Coming from the north on way to Peril Strait, the Eldred Rock Lighthouse is one of the few originally built lighthouses still standing. It is the only octagonal one in all of Alaska.
Every so often we’d be surprised to find somebody out traveling or working in such empty territory.
Peril Strait is aptly named, as waters begin to narrow.
At one point crewmen are stationed so as to confirm the buoy numbers. It is not pleasant duty.
Now southbound we parade softly pass an endless spectacle of trees.
If they aren’t all off by Haines, they are by Skagway. The Malaspina’s car bays are split – and this truck is all that’s left as we leave Haines. We are halfway through our roundtrip.
We may have seen more barge traffic than boats as we traveled the Inside Passage. Doesn’t matter the time of day that freight comes in, there are men and equipment there to transfer the containers. This took place at Haines and the bright lights mark a tug busy keeping the barge snugged to the docks.
This is what Skagway looks like at 6:30 in the evening. This is the Arctic Brotherhood building. In summer is mobbed by tourists trying to take pictures of it – the facade is all driftwood.
There are only lurkers about in early evening. This man got lost looking for the ferry.
You never know when you are going to stumble on “found art.” while traveling.
Not a great view of the MV Taku but this ferry is a favorite from previous trips. Like our ship, the Malaspina, it was one of the first built. 10 years ago we boarded the Taku in December in Ketchikan and adventure followed adventure for the next 5 days. Here the Taku is parked for the winter.
Ketchikan is a pivot point for the Alaska Marine Highway System. During the busier spring, summer and fall seasons, these ships are all on the go. This is the MV Columbia. In peak season it doubles up on the Bellingham route – so there are two departures each week. Want to get there faster? Take that seaplane you see in the sky.
The MV Prince of Wales operates separately from the state’s Alaska Marine Highway System. It connects Ketchikan with its namesake: Prince of Wales Island. We met a number of folks headed that way. That island is the fourth largest island in the US and has more paved roads than any other SE Alaska islands.
Ketchikan also has an active ship dry-dock business. This is the Gordon Jensen, out of Seattle. It is a fish factory ship originally built in 1943. As I get ready to post this, the ship is now in the far western reaches of the Aleutian Islands and no doubt processing your next fish dinner.
Remember the “Bridge to Nowhere”? It never got the funding and so this little cross-channel ferry continues to takes passengers (& some vehicles) from town to the “International” Airport.
This is a totem that will stand no more. Bug and rot ridden, totems are literally laid to rest on the forest floor. Over time they return to their primitive state: duff that feeds the next generation of growing things.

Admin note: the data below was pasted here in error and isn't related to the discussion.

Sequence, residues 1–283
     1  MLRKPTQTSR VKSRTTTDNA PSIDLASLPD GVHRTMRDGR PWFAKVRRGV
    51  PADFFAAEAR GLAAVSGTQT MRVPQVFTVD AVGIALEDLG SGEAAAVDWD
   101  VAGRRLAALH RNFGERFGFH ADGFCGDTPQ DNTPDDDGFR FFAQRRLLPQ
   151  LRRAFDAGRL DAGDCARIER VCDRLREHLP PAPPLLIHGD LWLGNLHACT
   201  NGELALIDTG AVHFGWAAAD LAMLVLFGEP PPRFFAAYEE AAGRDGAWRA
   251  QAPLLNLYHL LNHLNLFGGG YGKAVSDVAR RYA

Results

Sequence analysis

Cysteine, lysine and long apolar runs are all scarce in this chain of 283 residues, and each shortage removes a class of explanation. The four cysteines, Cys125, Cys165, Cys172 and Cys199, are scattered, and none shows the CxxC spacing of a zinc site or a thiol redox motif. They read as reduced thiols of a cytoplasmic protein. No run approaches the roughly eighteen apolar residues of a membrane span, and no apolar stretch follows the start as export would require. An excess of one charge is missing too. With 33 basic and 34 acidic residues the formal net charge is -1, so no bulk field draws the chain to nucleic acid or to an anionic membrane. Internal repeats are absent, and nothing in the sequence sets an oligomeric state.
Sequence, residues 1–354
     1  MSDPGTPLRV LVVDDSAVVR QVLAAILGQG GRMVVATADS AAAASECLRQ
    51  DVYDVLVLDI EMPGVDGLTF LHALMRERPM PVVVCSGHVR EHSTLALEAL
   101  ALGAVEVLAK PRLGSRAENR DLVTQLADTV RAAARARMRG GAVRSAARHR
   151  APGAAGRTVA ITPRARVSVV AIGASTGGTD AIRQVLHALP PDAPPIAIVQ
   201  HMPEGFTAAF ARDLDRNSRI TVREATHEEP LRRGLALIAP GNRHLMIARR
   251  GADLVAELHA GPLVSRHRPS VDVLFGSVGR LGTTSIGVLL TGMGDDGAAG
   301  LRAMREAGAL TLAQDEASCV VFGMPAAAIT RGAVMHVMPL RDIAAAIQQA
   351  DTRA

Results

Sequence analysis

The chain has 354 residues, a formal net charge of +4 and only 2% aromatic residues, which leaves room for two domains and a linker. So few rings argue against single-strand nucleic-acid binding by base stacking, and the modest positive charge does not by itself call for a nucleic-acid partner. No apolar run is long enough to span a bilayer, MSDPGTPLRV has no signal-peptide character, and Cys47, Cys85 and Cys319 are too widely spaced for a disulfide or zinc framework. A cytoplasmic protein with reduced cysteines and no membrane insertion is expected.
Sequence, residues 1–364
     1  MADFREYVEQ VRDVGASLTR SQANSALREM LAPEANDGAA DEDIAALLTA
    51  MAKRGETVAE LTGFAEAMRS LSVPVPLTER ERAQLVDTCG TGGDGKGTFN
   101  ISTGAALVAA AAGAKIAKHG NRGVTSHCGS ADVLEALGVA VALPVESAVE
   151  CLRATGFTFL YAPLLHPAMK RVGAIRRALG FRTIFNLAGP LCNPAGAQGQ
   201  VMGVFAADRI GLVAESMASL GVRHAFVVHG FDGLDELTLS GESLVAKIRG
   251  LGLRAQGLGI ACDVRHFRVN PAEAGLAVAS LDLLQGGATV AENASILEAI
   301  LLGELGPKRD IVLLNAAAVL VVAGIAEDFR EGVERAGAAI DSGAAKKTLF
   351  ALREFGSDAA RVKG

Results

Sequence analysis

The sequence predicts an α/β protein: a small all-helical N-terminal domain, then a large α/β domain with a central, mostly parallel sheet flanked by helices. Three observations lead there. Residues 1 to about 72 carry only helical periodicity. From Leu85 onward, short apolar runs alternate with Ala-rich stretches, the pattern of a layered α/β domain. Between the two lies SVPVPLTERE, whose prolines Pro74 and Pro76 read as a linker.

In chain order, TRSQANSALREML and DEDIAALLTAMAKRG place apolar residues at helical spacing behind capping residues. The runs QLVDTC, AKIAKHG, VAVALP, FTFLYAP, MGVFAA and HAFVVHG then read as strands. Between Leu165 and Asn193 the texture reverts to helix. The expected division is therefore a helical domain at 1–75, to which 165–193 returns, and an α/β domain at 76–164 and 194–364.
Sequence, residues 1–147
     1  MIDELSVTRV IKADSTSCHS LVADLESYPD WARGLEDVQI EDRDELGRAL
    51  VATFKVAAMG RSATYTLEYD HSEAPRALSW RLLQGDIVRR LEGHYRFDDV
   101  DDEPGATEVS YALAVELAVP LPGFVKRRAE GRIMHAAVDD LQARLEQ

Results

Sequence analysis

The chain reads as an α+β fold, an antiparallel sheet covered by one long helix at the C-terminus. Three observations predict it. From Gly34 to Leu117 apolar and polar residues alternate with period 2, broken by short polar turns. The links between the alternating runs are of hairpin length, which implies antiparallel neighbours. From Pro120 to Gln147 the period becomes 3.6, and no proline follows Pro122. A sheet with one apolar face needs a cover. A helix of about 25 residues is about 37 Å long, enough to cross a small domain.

These two are easy ones to identify: a bear totem and a halibut.
I suppose you could call Dolly’s a totem. Matter of fact, Dolly & Totem go hand in, er, whatever. This place was a famous house of ill repute to early travelers, miners and sailors to Ketchikan.
Creek Street, home to Dolly’s (and other shops) now serves to separate money from the thousands souvenir hungry cruise ship passengers that come here every day from late April to October.
No matter the spelling, we couldn’t avail ourselves of the offer as we are not in tourist season and so no one is about. With 3 major tribes found in SE Alaska deciphering totem legends is not always easy.
Ketchikan has more totems than any other place in the world. This totem is easy to interpret – the bird is a Bald Eagle. These totems were at the Saxman Totem Park.
This pole has some fairly identifiable creatures. Each relates back to the carver’s tribe clans, called moieties. There are 634 recognized First Nation bands or tribe spread across Canada.
To give you some idea of the amount of work that went into the totem in the previous image, this is a detail from it. The individual chisel marks and the patterns made as the artist shaped each creature reveals the care and artistry that went into its making.
Even one of the hotels in Ketchikan has an area dedicated to this art form. Unfortunately nothing in the hotel’s website told me anything about these beautiful pieces.
I call this shot “Caterpiller People”. This time of year there are still a few hardy souls that choose to sleep in the solarium.
It is inexpensive and fairly warm – note the ceiling mounted heaters. However, on this older ferry, anyone staying on this deck has to go leave the shelter of the solarium, travel down an open deck to a door that will lead to the bathroom. The newer ships have a bathroom accessible from inside the shelter.
It’s pretty easy to meet people. Things are low key in winter and the ship is full of Alaskans going home. Dan was coming back to Ketchikan. He and his wife just completed a six month slow journey around the US, their first trip of that kind. As he told me, he was, “Coming back with new eyes.”
The Malaspina has a number of nooks and displays. This cabinet contained a few pieces of local (Native) art. The basket above was a basket meant for harvesting seaweed. The vest was made of sealskin and the beading was beautifully intricate.
What goes up must come down. There are only a few sections of the Inside Passage where you are exposed to the Pacific. This was one of them. Note the mountains in view at top, then the sea at bottom. It looks worse that it was. The cook wasn’t sure why I was shooting him.